Recovery Month

September is once again Recovery Month, when advocates for substance abuse and addiction recovery around the United States celebrate their achievements with their communities. While many communities celebrate in similar fashion – via recovery walks or attending professional baseball games where recovery advocates are honored for their work – each community is encouraged to put its own personal touch on its events, under the guidance of national organizations and government agencies. In Washington, it is an annual opportunity to bring the advocacy community together to highlight the need for policies that encourage and support recovery.

To help local organizations plan, promote and educate the community during Recovery Month, as well as throughout the year, 75,000 hard copies of the 2011 toolkit were distributed to health care, education, business and faith-based organizations, as well as coalitions and government agencies. Through the website, www.RecoveryMonth.Gov, the Substance Abuse and Mental Health Services Administration (SAMHSA) provides invaluable resources for communities around the country that wish to join in the celebration.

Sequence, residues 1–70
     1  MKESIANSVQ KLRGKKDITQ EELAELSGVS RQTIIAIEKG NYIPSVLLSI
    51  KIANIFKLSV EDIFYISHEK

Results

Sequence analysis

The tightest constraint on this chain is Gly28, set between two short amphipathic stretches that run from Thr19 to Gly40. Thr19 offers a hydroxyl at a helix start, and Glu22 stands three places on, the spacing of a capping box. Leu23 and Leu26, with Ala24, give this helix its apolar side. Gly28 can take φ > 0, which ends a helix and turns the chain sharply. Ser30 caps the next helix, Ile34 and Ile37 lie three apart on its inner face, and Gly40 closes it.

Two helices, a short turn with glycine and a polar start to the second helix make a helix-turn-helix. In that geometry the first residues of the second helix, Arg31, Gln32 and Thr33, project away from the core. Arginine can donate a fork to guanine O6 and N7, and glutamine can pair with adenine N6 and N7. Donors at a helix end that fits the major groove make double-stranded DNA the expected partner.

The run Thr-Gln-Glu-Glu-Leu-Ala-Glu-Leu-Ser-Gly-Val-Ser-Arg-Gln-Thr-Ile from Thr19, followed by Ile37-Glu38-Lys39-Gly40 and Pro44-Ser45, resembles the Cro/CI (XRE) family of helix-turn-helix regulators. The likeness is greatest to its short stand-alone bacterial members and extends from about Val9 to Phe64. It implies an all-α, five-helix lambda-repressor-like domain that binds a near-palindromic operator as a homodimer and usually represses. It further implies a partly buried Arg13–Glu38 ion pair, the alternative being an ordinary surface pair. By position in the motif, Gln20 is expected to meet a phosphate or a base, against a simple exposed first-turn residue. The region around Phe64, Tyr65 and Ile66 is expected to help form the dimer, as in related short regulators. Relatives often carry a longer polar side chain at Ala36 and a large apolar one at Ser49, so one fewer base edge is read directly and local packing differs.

“Faces & Voices of Recovery (FAVOR) is looking forward to 2011’s Recovery Month observances that will bring together hundreds of thousands of people across the country – people in recovery, family members, friends and allies – at events large and small, building our recovery advocacy movement,” said Pat Taylor, the executive director of FAVOR. “We will be educating the public and policymakers about the reality of recovery from addiction to alcohol and other drugs, and are excited about this year’s September 24th Rally for Recovery! at the 2011 hub in Philadelphia.” The Pennsylvania Recovery Organization – Achieving Community Together (PRO-ACT) will host the event, and more than 12,000 participants are expected, including Office of National Drug Control Policy Director, Gil Kerlikowske, SAMHSA/CSAT Director, Dr. Westley Clark, TV anchor, Laurie Dhue, and contestants for the first-ever Recovery Idol, along with the region’s growing recovery community.